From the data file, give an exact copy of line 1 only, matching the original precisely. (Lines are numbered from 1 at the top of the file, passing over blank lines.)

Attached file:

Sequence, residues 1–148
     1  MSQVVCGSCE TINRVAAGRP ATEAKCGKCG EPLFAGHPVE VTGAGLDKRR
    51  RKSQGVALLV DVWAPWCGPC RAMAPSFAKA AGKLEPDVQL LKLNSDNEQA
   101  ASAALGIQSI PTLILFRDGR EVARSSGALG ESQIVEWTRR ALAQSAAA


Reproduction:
Sequence, residues 1–148